Wednesday, 15 December 2010

The accordion player and living statue

Can someone (If anyone actually reads this blog, I'm never quite sure if I've been typing into oblivion or not) give me some feedback and maybe even brainstorm with me on where to go from here? I need a dramatic scene to happen before it can end. Please if there's anything about it that you would change or want to add then do it! I need help and I'm not particularly sacred about my writing.

I have seen many street performers throughout the years in Florence. I have met those whom have tried to mimic the magic of Houdini; musicians have also established themselves in the little bohemian square which showcased various amounts of talent and skills. There had been clowns, mimes, and living statues like myself. All sorts. Never a dull moment. None quite as important, however as the accordion players. Or really, my accordion player that I had met so long ago. Generations have passed since then, now an elderly man takes the place of youth. I watched this elderly accordionist deliver melodies from his enchanting squeeze box, time had etched itself into his skin, the same way it has done to mine. His eyes were framed with tributaries of wrinkles and laughter lines. Amongst the music was the flurry of dark haired children dancing to their own tunes of innocence and youthfulness, ignoring the irate expressions of adults having to manoeuvre around them. I felt the tinny of the accordion sound accelerate my heart beat, the only way the accordion can and I swayed to the spell of the music, falling deeper into my memories of the musician I once loved.

Street performance is not as popular as it once was. Cynicism has become a symptom of the preforming arts, where if a real definition is not clear performances are ridiculed and deemed to be ‘pointless’ and ‘a waste of time’. The square where I spent my happiest years was covered in colour. Flower boxes with glowing violets and periwinkle lined the plentiful obscure shops which were often vintage themed, selling antiques, clothes, knick knacks. Little bistro’s, bars and caf├ęs were scattered throughout. Sometimes lights and lanterns would hang and twist down the larger street lamps illuminating everything in a magnificent orange and red glow in the evening. And littered all around would be my creative troupe. Some would practice to simple magic tricks, others card games. A few seized their own visions of living statues and would shock passer-by when they moved suddenly. In the height of bohemia and entertainment it was the most wonderful place to be. I had chased bohemia for as long as I could remember. I was a child that ran in the forest outside her home in her bare feet to feel the soil mingle with my strangely pallid skin and as a teenager I would become my art, painting my naked body in vivid colours, feeling them merge into me. I believed my body to be a canvas, and I treated it as such. I left my parental home on the outskirts of Tuscany at an early age and eventually settled into a small apartment in Florence. In my early stages of adulthood I had evolved into the art of street performance where I hid every inch of myself behind masks, paint and costumes. As a child there had been elements of loneliness, which is not to be confused with disliking my own company. Often I was frustrated by the lack of beauty that my peers were able to witness and so I immersed myself in the exquisiteness of nature, music and literature. Inspired by my lonely years in Tuscany I sought likeminded beings that I could enchant and entertain. One day I bought a second hand wedding dress and white fabric. It was worn at the seams, splitting in unsightly areas and the pristine white was now an awful cream colour. It was perfect. In my naivety had never experienced an intense love for another being before and thought then that such things were a farce, so I became the dishevelled Bridal Statue that gave flowers to patrons and simultaneously poking fun at convention.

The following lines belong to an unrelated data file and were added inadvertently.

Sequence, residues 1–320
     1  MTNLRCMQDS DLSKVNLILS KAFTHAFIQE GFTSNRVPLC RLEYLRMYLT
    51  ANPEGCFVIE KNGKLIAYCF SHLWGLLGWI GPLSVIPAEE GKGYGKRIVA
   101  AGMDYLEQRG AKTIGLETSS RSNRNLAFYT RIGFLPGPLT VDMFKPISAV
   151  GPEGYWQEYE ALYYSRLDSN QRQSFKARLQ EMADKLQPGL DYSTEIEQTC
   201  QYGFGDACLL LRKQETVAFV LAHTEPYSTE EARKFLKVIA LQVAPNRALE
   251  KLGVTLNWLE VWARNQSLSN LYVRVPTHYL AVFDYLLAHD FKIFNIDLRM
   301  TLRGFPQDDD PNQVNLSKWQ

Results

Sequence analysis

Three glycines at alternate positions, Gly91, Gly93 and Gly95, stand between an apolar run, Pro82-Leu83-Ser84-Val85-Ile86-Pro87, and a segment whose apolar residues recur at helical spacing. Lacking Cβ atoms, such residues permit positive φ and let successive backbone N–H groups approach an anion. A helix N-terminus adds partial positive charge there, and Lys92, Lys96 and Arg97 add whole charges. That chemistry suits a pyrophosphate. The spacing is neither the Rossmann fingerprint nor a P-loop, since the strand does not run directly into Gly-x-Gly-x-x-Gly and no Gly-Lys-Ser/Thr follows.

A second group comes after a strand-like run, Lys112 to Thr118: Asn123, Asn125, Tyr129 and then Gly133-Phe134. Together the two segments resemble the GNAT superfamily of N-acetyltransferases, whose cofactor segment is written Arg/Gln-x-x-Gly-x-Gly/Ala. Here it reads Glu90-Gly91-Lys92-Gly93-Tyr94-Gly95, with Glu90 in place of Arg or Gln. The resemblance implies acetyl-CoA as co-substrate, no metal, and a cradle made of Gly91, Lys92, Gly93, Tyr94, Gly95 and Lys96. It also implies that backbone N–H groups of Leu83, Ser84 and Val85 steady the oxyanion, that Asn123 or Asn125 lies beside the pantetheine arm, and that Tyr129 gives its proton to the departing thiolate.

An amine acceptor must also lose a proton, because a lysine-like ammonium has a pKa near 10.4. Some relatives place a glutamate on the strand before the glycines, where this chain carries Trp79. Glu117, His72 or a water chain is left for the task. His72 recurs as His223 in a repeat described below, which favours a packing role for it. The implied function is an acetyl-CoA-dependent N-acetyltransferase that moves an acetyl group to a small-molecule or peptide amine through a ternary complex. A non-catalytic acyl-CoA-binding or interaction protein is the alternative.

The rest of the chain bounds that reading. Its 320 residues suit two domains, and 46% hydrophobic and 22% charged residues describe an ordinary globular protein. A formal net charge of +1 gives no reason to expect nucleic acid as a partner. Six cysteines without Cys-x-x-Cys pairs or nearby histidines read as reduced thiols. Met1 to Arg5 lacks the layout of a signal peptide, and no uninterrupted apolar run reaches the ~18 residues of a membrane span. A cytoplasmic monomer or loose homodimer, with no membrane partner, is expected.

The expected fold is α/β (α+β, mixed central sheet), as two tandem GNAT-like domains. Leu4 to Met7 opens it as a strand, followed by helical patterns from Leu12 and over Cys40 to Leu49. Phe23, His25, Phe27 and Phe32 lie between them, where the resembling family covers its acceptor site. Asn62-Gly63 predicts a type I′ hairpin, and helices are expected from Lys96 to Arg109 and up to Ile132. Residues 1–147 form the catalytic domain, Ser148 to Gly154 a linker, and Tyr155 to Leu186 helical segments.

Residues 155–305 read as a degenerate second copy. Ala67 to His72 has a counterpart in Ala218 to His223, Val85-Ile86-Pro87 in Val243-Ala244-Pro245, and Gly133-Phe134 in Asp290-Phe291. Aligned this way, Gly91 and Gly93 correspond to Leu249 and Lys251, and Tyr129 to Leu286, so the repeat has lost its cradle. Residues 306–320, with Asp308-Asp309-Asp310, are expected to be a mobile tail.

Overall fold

I had been preforming for several months, and although the pay relied on the generosity of the public (which was not very often generous at all) and my hours standing perfectly still were trying I found a routine that I was safe in, although not necessarily happy. The same artists had been preforming with me, and after each long day we would take off our masks and change out of our costumes to become ourselves once more. Often we would go to a bar and celebrate being back in our own skin, something that was becoming more and more of a rarity. On one day, a day not particular at all, a shift had occurred in our dynamic. I noticed a strange wheezing musical noise being played above the chattering tourists. Many were flocking to the opposite side of the square, under a little porch. I strained my eyes to see but I had posed in the opposite direction and was unable to move until I was paid to. I had never heard an accordionist before; the instrument was a strange alien to me, something that didn’t belong. I was almost irritated with the obstruction that had tempted me to move and distracted me. When I was able to proportion myself freely I saw him for the first time. My accordion player manipulated his instrument in a way that I had never seen before, his motions were fluid and constant, his body swayed in time with the Parisian music expressing an almost feminine quality emphasised by his incredibly lean body and long hands. Every day I would pose in certain ways just to steal a glimpse of his slicked back dark hair, or the way that his coat flowed around his striped trouser leg. His top hat would irk slightly when he got too enthused and he had a habit of stopping to cough into a little polka dotted handkerchief. His face was long but delicate with sunken cheekbones a pasty complexion, giving him a glow that only a sick person would have. He never spoke to any other performers and scarcely would give anyone eye contact. He just played his accordion from sunrise until sunset before lurking off into the shadows of the alleyway.